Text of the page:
Cases reported "Oropharyngeal Neoplasms"

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1/37. Clinical delivery of intensity modulated conformal radiotherapy for relapsed or second-primary head and neck cancer using a multileaf collimator with dynamic control.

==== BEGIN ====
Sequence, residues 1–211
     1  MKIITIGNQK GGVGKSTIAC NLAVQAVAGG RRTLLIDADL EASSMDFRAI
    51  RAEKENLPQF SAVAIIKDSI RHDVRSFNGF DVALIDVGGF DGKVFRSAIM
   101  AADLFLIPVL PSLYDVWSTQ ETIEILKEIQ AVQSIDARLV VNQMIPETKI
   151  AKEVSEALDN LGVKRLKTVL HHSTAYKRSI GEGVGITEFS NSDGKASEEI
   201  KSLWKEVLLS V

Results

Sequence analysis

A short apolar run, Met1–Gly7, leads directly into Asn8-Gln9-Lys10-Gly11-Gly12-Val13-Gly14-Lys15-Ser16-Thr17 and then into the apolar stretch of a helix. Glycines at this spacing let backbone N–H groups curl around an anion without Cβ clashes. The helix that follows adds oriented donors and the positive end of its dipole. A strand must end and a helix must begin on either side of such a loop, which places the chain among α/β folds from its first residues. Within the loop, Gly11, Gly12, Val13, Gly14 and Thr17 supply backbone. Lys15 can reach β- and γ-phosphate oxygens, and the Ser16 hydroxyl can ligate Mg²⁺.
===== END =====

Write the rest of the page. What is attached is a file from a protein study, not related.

BACKGROUND AND PURPOSE: Concave dose distributions generated by intensity modulated radiotherapy (IMRT) were applied to re-irradiate three patients with pharyngeal cancer. patients, MATERIALS AND methods: Conventional radiotherapy for oropharyngeal (patients 1 and 3) or nasopharyngeal (patient 2) cancers was followed by relapsing or new tumors in the nasopharynx (patients 1 and 2) and hypopharynx (patient 3). Six non-opposed coplanar intensity modulated beams were generated by combining non-modulated beamparts with intensities (weights) obtained by minimizing a biophysical objective function. Beamparts were delivered by a dynamic MLC (Elekta Oncology Systems, Crawley, UK) forced in step and shoot mode. RESULTS AND CONCLUSIONS: Median PTV-doses (and ranges) for the three patients were 73 (65-78), 67 (59-72) and 63 (48-68) Gy. Maximum point doses to brain stem and spinal cord were, respectively, 67 Gy (60% of volume below 30 Gy) and 32 Gy (97% below 10 Gy) for patient 1; 60 Gy (69% below 30 Gy) and 34 Gy (92% below 10 Gy) for patient 2 and 21 Gy (96% below 10 Gy) at spinal cord for patient 3. Maximum point doses to the mandible were 69 Gy for patient 1 and 64 Gy for patient 2 with, respectively, 66 and 92% of the volume below 20 Gy. A treatment session, using the dynamic MLC, was finished within a 15-min time slot.